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Syncing Ink

A young man’s quest to become a hip-hop MC is vividly depicted in this picaresque musical. There are rap battles, family drama and love along the way.

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The Cast of “Syching Ink” with NSangou Njikam in center (Photo credit: Joan Marcus)


Darryl Reilly, Critic

Dynamically presented and euphorically performed, Syncing Ink is a hip-hop musical chronicling a young man’s quest to become an MC. Lasting nearly three hours with a pre-show and intermission, it’s simultaneously exhilarating and wearying.

Playwright NSangou Njikam’s sprawling and engaging script follows the odyssey of Langston Hughes High School student Gordon. Consumed by hip-hop, he interacts with a series of more seasoned practitioners of the form in order to fulfill his dream of being an MC. That’s a master of ceremonies, one who has a supreme command of rhyming.

Hip-hop is like The Cat in The Hat on crack.

Mr. Njikam offers a witty take on the classic mythology of a hero’s episodic journey with a lively African-American slant. There are a lot of high school and college scenes with wise teachers referring to James Baldwin and W.E.B. Du Bois, combative students, a dying father and an imperious mother. Rhyming battles, love and enlightenment occur along the way. The narrative is so eventful and spread out that it can be difficult taking it all in and its overall impact is diluted.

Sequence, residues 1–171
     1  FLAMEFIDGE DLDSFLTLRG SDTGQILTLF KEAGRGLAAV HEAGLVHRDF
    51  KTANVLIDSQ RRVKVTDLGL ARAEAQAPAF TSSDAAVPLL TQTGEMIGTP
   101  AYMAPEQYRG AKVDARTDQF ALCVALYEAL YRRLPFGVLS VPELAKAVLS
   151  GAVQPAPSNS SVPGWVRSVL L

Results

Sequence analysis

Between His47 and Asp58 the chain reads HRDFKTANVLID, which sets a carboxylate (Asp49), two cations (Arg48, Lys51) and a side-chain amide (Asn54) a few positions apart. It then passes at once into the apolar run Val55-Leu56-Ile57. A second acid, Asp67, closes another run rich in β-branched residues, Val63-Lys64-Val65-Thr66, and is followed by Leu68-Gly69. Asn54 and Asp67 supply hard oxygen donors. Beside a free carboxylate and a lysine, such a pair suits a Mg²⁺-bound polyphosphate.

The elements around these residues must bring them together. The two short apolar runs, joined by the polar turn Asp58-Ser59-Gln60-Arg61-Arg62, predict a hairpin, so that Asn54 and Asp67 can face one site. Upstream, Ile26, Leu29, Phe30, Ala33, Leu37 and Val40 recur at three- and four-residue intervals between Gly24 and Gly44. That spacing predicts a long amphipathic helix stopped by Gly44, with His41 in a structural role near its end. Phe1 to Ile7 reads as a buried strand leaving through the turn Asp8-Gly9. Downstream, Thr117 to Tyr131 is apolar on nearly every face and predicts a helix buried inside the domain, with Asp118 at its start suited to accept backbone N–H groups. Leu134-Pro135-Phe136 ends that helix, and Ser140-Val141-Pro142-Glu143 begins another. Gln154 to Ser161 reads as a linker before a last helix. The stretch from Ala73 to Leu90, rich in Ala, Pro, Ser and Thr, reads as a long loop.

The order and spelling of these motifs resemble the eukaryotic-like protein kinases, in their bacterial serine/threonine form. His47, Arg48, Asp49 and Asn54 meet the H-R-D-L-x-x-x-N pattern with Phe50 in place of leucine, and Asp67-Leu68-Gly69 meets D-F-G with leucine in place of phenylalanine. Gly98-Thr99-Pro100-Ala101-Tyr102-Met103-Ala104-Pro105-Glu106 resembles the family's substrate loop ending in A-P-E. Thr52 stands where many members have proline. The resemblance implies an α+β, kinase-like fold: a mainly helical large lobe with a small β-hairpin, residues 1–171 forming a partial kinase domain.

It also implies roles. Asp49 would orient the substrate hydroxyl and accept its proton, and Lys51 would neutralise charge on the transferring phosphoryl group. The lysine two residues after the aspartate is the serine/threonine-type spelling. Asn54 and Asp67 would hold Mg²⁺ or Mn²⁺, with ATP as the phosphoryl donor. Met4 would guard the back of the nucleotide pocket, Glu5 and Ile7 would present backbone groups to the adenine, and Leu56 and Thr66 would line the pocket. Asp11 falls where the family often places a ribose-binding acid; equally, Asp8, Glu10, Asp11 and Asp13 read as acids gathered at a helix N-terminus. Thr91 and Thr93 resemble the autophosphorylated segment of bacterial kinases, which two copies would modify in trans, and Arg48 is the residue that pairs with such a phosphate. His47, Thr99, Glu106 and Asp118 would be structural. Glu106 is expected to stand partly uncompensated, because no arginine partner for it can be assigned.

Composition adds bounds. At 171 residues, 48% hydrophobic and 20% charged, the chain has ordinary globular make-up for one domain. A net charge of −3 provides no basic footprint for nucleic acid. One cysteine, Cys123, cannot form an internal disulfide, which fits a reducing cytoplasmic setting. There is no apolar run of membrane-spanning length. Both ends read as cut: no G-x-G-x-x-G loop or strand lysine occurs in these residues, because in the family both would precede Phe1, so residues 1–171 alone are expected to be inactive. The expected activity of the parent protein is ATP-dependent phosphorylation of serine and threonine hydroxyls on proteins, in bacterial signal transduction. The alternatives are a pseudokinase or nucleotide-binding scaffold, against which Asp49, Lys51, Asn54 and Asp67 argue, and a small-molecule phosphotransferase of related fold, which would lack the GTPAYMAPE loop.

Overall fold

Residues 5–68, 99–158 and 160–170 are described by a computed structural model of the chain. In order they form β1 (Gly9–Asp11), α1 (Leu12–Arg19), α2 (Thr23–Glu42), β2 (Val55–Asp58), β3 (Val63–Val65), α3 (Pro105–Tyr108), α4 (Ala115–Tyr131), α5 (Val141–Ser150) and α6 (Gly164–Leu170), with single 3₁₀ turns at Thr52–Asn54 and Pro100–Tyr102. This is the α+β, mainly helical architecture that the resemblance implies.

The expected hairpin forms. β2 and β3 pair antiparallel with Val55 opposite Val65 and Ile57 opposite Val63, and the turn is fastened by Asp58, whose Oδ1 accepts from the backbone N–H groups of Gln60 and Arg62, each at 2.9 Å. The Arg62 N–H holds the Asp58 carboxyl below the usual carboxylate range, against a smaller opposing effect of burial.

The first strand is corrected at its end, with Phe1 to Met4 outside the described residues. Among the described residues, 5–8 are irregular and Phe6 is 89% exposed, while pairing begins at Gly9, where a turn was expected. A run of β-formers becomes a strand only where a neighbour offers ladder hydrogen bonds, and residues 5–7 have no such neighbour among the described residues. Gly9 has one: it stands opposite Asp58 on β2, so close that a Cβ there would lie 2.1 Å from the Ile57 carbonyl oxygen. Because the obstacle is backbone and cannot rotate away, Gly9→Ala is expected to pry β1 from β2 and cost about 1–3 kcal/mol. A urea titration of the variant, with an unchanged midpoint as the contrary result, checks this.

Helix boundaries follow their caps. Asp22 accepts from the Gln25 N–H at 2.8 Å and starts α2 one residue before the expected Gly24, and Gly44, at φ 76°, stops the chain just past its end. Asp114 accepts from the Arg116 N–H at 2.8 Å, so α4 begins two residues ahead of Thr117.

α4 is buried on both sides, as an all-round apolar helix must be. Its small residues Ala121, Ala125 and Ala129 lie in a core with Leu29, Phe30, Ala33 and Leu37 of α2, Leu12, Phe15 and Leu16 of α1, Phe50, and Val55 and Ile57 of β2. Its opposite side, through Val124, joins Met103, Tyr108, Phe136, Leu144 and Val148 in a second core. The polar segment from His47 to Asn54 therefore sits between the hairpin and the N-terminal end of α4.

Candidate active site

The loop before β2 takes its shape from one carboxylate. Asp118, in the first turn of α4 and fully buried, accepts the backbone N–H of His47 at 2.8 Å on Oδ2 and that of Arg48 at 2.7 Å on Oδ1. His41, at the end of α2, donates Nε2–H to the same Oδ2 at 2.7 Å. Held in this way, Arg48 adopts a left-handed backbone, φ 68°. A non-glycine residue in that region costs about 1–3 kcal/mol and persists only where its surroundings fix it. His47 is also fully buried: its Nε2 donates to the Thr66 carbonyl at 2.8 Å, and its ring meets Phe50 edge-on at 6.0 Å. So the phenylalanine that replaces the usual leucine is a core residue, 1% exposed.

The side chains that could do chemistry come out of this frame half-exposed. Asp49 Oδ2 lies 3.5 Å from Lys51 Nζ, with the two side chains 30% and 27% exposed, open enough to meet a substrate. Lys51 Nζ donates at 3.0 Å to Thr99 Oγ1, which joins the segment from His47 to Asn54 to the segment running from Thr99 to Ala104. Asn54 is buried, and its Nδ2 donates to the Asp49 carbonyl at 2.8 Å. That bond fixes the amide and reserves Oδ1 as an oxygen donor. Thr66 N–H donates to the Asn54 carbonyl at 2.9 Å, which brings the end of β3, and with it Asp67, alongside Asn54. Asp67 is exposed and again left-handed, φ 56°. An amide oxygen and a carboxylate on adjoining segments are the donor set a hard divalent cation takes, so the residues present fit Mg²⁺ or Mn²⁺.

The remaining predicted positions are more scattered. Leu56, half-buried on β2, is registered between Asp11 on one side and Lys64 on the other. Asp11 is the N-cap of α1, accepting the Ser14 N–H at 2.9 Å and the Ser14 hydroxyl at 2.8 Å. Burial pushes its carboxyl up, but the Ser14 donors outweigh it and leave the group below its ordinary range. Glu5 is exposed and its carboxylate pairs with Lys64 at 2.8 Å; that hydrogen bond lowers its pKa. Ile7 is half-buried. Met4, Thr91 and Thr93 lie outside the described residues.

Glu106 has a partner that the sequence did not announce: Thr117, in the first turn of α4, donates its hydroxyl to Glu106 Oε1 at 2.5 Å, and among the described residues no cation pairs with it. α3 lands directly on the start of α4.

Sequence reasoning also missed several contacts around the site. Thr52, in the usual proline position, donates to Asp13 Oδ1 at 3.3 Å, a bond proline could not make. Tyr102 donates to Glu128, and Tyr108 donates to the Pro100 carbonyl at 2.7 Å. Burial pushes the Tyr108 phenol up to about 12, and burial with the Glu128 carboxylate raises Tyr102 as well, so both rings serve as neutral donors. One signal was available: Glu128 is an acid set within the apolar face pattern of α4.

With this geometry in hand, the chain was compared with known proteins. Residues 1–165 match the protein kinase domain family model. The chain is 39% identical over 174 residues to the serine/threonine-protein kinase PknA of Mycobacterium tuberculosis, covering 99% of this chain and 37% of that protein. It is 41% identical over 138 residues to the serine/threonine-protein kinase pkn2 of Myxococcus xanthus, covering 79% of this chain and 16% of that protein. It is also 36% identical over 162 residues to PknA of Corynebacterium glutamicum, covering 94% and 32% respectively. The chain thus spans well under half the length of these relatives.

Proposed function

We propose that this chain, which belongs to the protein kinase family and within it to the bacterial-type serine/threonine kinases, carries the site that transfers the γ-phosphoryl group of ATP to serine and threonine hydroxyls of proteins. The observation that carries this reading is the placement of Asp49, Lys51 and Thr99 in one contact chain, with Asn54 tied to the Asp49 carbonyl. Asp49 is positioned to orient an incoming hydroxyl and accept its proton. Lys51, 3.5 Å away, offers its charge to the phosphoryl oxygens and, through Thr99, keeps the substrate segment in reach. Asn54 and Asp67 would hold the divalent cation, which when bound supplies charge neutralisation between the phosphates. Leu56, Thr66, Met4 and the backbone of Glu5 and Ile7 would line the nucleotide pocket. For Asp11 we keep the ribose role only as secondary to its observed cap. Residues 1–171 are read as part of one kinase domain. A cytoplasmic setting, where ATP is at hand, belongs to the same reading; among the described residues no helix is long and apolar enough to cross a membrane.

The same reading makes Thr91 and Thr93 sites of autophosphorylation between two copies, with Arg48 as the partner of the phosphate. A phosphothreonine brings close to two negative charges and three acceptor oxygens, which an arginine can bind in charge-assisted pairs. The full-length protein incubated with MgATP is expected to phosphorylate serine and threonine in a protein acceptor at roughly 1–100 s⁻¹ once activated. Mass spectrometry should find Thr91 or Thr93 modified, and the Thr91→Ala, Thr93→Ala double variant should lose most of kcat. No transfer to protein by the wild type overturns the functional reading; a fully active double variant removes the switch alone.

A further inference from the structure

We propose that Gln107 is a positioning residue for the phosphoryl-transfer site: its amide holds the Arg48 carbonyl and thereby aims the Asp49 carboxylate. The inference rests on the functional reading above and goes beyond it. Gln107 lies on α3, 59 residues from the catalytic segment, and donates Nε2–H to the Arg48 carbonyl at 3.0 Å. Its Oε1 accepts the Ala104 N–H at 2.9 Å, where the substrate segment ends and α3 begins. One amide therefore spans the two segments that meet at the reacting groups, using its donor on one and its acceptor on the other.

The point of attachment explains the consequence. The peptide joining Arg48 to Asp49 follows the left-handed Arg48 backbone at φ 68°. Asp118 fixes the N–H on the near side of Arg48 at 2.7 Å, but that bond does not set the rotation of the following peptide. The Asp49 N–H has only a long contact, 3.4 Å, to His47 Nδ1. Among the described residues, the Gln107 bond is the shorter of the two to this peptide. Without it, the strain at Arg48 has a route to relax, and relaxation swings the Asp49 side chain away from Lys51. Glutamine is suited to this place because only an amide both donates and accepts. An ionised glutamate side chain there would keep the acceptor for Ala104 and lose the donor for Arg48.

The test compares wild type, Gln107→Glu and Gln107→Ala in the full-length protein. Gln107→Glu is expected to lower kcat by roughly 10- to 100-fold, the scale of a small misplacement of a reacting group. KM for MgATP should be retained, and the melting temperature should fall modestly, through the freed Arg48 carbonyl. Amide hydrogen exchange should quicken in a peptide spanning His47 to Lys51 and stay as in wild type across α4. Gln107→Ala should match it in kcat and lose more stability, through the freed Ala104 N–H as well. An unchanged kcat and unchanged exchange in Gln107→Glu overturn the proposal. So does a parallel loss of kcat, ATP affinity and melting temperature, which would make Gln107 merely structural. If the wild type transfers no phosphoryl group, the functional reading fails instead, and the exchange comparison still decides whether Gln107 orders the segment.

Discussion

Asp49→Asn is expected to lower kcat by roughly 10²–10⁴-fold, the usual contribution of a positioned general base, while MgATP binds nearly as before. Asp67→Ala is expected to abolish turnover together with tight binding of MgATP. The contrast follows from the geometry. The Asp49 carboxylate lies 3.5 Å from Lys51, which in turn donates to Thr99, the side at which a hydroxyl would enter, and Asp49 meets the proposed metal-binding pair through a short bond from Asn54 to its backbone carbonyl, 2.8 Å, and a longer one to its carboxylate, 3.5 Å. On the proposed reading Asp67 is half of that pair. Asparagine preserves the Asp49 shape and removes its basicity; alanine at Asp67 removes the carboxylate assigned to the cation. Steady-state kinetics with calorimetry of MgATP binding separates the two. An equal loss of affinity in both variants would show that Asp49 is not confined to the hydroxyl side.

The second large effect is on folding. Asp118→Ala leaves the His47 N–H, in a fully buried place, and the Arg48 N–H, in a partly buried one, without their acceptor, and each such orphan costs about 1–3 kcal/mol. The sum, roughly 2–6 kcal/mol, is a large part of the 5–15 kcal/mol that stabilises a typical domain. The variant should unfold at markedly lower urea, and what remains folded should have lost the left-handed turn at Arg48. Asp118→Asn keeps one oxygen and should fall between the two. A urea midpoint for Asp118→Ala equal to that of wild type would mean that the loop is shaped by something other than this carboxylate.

Adesola Osakalumi, NSangou Njikam and Nuri Hazzard in a scene from “Synching Ink” (Photo credit: Joan Marcus)

Director Niegel Smith and choreographer and associate director Gabriel “Kwikstep” Dionisio’s collaboration results in a thrilling unison of movement and dance. The cast is all over the four-sided, relatively bare playing area, magnificently dancing and perfectly placed throughout.

McKenzie Frye, Nuri Hazzard, Elisha Lawson, Adesola A. Osakalumi, and Kara Young are the magnetic ensemble who all dazzle with their fierce characterizations in multiple roles. The regal DJ Reborn spins from high above as is if she were a goddess. Njikam plays Gordon with captivating wonderment and moving steeliness as he matures.

Justin Ellington’s artful sound design is a blasting realization of hip-hop with jazzy tones as well. Lighting designer Kevin Rigdon kinetically blends stark brightness and degrees of darkness to attain an epic dimension and convey the passage of time. The characters are all boldly rendered by Claudia Brown’s individualized, rainbow-style costume design. Scenic designer Riccardo Hernandez imaginatively provides steel poles, ramps and minimal furnishings to simply represent the numerous locales.

DJ Reborn in a scene from “Synching Ink” (Photo credit: Joan Marcus)

Before the audience enters the theater, a performer does some routines. Then inside there are announcements and there’s audience participation with those who wish to permitted to dance onstage. Then the actual two hour and twenty minute show begins. By the end, one may be drained from the sustained aural and visual intensity and the somewhat repetitiousness of the writing.

Besides its theatrical achievements, this premiere production of Syncing Ink is notable for where it’s playing. The adventurous Off Broadway company The Flea was founded in 1996. On September 28, 2017, they moved into their new Tribeca home, a recently built, three-theater complex. This is one of their inaugural presentations there.

Syncing Ink (through October 29, 2017)

The Flea (new venue)

The Sam, 20 Thomas Street, Tribeca, in Manhattan

For tickets, call 212-226-0051 or visit

Running time: two hours and 50 minutes with one intermission

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